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Comment: Gets published... Where? (Score 1) 67

by mccrew (#48696925) Attached to: Glowing Hobbit Sword Helps You Find Unsecured Wi-Fi
The article claims:

This prompts Sting to join the network and publishes a message: "{YOUR WI-FI NETWORK} has been vanquished!"

Looking at the code snippet,

Spark.publish("vanquished",name); // Feel the Wrath!

Where exactly is this published? Sure does not appear that it would be anywhere that the owner of this supposedly-vanquished network would see it.

Comment: Re:What? (Score 1) 440

by mccrew (#48611425) Attached to: Federal Court Nixes Weeks of Warrantless Video Surveillance

I'm a little surprised that the recent ruling about being pulled over for a tail light out and the subsequent drug bust, when it was not illegal to have a tail light out, hasn't also fallen into the same category, actually

A broken tail light constitutes probable cause to pull the car over, and then if the officer can either see anything incriminating or get the occupants' permission to search ("You don't have any drugs in there? No, good. So then you wouldn't if mind if I had a look?") then he's in and it's constitutionally kosher.

Comment: Re:Easy solution... (Score 1) 611

by mccrew (#48604097) Attached to: Waze Causing Anger Among LA Residents

The real issue in Los Angeles though is that the population density is too high.

You've got that backwards. As others have mentioned, the problem is that there is so much sprawl and its resulting low population density severely reduce the viability of mass transit. Trips are longer and along more congested pathways than they would otherwise be in a region with higher density.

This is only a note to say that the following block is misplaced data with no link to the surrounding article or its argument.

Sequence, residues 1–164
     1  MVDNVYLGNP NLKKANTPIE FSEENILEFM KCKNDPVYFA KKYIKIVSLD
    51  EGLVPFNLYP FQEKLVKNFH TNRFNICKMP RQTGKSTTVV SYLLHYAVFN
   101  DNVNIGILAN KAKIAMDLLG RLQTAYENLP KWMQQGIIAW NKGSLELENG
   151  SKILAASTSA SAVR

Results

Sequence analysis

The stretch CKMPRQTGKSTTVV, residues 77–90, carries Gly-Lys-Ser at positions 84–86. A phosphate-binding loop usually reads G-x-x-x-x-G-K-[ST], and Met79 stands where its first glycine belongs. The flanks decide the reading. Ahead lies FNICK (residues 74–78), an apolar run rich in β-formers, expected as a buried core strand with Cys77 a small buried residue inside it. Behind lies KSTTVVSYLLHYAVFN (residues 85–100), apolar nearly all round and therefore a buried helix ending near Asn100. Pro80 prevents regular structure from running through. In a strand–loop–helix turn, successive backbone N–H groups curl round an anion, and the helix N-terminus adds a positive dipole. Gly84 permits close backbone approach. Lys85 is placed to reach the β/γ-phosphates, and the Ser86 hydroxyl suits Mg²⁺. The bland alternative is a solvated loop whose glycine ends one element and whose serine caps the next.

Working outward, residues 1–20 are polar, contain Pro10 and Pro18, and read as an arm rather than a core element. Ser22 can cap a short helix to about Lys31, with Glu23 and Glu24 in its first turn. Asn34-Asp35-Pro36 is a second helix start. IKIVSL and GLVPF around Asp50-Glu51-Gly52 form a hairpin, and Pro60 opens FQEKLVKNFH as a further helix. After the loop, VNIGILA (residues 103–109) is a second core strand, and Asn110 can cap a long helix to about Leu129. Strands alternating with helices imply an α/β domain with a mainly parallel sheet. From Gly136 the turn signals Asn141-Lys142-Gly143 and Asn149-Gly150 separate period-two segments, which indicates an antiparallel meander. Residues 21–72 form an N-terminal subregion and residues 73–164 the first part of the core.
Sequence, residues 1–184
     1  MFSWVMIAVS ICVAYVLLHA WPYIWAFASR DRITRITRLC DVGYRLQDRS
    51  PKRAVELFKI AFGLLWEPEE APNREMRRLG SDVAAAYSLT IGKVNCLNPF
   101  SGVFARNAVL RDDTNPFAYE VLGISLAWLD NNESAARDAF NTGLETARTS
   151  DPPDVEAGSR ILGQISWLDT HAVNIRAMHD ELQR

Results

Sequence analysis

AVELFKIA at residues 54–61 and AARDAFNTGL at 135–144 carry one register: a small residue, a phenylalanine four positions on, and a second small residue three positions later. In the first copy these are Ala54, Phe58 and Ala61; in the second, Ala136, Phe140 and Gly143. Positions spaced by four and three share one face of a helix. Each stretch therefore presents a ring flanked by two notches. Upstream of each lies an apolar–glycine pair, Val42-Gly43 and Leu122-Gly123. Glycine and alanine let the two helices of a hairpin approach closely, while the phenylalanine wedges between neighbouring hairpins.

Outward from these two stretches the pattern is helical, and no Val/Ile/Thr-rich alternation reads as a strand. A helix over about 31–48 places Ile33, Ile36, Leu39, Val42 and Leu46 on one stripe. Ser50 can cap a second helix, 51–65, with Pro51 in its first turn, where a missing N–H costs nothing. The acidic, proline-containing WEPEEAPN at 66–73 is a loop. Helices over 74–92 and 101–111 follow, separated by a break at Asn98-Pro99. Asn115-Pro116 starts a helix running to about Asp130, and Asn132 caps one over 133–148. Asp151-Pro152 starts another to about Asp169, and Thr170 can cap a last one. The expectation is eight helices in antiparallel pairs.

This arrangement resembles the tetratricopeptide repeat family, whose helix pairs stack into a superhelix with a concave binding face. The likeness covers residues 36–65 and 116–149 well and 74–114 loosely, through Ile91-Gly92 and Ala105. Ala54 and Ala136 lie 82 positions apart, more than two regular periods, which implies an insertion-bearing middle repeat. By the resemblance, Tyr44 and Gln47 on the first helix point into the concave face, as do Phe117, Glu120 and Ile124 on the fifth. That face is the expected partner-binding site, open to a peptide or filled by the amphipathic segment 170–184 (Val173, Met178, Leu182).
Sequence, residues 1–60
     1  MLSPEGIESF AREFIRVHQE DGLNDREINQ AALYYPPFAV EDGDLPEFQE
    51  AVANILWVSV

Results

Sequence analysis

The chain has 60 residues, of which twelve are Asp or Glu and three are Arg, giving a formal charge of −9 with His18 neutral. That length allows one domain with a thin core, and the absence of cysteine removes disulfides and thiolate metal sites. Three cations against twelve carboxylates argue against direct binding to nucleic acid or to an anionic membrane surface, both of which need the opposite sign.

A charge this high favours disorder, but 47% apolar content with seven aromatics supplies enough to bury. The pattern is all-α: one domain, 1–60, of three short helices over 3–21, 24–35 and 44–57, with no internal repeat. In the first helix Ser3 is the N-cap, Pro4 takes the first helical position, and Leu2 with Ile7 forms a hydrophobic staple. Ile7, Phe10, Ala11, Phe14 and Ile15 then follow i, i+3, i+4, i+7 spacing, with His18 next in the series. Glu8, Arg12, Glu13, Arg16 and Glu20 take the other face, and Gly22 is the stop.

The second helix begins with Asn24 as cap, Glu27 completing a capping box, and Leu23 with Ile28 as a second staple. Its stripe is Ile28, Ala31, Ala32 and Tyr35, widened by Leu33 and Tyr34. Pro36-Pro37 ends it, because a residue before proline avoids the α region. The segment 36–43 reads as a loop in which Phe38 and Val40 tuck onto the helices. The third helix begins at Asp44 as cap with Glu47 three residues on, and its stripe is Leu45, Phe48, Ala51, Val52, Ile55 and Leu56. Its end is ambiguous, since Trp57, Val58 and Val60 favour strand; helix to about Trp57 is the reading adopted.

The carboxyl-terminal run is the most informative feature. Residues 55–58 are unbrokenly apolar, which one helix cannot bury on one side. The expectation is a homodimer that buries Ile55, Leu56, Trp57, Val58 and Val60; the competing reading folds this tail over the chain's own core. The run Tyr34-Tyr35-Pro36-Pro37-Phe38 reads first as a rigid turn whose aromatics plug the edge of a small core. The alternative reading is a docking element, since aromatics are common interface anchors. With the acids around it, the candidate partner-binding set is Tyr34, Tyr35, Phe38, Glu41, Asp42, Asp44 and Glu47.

Comment: Re:Mobile payments (Score 1) 76

by mccrew (#48509895) Attached to: Big Banks Will Vie For Your Attention With Cardless ATMs and VR

Never ever link a credit card or a bank account to a mobile phone. Not until they are subject to the same rules and regulations as the banks and the Credit Card companies.

Amen, brother. As an illustration of the problem, look at the ongoing issue with "slamming," where a shady company somehow gets ahold of your phone number and tells, er lies to, the phone company that you signed up for some dubious "information service." Shady operator collects fees, and can effectively intimidate customers because they stand on top of massive carrier billing and collections machine.

I will never, ever link any payment to my phone bill.

Comment: Re:Not sure if it adds up (Score 1) 85

by rtaylor (#48449695) Attached to: Bidding In Government Auction of Airwaves Reaches $34 Billion

[b]I think a much better way would be for companies to bid based on the value they bring to the end consumer public, with the company that promises the best value winning.[/b]

I believe Russia did something like this with their last spectrum auction. Companies received the spectrum for free (20 year lease or something) and made promises of certain quality of service and network capabilities in exchange.

Whom the gods would destroy, they first teach BASIC.